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"Ninjas" in Blue Robes

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It's an ancient north Indian fighting style that nearly died out in the 19th century, after the British Raj outlawed it and other indigenous martial arts. And right now, in a high school gym in England's Black Country, one man, clad in blue robes and trainers, is trying to bring shastar vidiya back from the near dead.

Nidar Singh Nihang, the Wolverhampton factory worker whose made it his life's work to breathe life into the dying art, learned the physical technique from an ancient Sikh master, or "gurdev," who was likely one of the last practitioners of the fighting style. But, he says, it was the British Empire's obsession with record keeping that enabled him to learn its past.

According to Chinese martial art legend, it was an Indian Buddhist monk who brought shastar vidiya to ancient China "“ at the famous Shaolin Temple, no less "“ in around 520 AD.

The battlefield tradition spread across Asia and the Asian Subcontinent, growing and flourishing throughout the centuries, until 16th century Sikhs of the Punjab region adopted shastar vidiya as their own and further perfected it. By the 1840s, as the British Empire stretched its greedy fingers across the continent, Sikhs used their technique to fight several bloody battles against the British, but ultimately lost. Colonial administrators quickly outlawed the fighting styles, drafting the Sikh warriors into their army and replacing their wicked serrated blades and swords with rifles. While those forms of martial arts inspired by the Indian fighting style have flourished and gone on to become worldwide institutions, shastar vidiya and others were forced or allowed to die out.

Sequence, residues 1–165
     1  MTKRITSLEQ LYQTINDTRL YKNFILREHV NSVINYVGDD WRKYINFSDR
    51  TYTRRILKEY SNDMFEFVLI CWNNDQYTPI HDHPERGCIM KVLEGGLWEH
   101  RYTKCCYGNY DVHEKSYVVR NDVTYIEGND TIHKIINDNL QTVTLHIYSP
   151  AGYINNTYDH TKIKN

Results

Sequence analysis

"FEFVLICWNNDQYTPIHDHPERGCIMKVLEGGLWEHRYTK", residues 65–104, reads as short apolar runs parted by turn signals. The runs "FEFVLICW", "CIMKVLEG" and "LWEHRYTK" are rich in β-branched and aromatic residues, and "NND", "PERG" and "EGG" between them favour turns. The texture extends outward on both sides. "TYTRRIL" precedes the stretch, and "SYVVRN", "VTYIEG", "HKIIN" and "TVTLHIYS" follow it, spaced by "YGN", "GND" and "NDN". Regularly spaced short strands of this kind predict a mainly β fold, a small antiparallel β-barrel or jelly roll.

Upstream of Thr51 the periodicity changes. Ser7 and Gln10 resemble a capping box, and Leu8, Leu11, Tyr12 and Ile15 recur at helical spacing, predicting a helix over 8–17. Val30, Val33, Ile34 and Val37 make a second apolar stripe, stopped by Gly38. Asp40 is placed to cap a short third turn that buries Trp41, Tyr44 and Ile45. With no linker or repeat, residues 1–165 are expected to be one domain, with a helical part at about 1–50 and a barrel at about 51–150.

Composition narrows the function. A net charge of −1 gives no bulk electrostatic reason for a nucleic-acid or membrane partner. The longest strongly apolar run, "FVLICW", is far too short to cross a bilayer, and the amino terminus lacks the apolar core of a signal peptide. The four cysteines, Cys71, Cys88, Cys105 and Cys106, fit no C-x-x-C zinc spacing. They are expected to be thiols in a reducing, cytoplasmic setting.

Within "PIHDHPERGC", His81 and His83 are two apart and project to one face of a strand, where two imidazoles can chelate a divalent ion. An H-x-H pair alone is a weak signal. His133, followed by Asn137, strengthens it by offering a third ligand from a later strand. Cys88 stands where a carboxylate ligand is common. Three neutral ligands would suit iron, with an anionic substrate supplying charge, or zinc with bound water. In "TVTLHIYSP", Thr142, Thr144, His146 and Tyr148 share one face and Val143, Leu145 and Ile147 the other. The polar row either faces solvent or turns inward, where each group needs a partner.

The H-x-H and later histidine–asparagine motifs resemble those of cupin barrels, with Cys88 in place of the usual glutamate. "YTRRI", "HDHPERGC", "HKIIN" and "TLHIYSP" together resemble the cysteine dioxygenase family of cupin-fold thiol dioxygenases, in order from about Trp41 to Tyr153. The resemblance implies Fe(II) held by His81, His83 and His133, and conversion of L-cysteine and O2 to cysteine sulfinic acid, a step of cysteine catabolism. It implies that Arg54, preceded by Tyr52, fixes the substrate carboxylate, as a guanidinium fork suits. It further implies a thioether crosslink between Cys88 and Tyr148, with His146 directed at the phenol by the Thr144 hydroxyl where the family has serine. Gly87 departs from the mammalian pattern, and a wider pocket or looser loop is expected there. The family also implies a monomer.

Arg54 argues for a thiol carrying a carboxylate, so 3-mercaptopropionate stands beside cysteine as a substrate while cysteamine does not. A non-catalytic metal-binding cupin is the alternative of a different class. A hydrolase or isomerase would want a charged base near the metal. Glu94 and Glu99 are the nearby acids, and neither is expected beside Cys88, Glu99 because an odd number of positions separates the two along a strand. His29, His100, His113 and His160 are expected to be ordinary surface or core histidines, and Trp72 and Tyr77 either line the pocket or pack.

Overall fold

Now, Signh Nihang is making an open call to the world in an effort to save the tradition, inviting the world to learn about and perhaps even learn to practice. It's the first time in history such an open invitation has been made, and for good reason: If people don't start practicing shastar vidiya now, it could completely and finally die out.

"Most people who practice Indian martial arts nowadays are simply learning the toned down exhibition styles that were allowed by the British," he told the Independent. "Unless we start teaching the original fighting styles they will be extinct within 50 years. I want to find two or three sensible, intelligent and tolerant young apprentices who can pass on what I've learned to future generations."

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Food
Let Alexa Help You Brine a Turkey This Thanksgiving
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There’s a reason most of us only cook turkey once a year: The bird is notoriously easy to overcook. You could rely on gravy and cranberry sauce to salvage your dried-out turkey this Thanksgiving, or you could follow cooking advice from the experts.

Brining a turkey is the best way to guarantee it retains its moisture after hours in the oven. The process is also time-consuming, so do yourself a favor this year and let Alexa be your sous chef.

“Morton Brine Time” is a new skill from the cloud-based home assistant. If you own an Amazon Echo you can download it for free by going online or by asking Alexa to enable it. Once it’s set up, start asking Alexa for brining tips and step-by-step recipes customized to the size of your turkey. Two recipes were developed by Richard Blais, the celebrity chef and restaurateur best known for his Top Chef win and Food Network appearances.

Whether you go for a wet brine (soaking your turkey in water, salt, sugar, and spices) or a dry one (just salt and spices), the process isn’t as intimidating as it sounds. And the knowledge that your bird will come out succulent and juicy will definitely take some stress out of the holiday.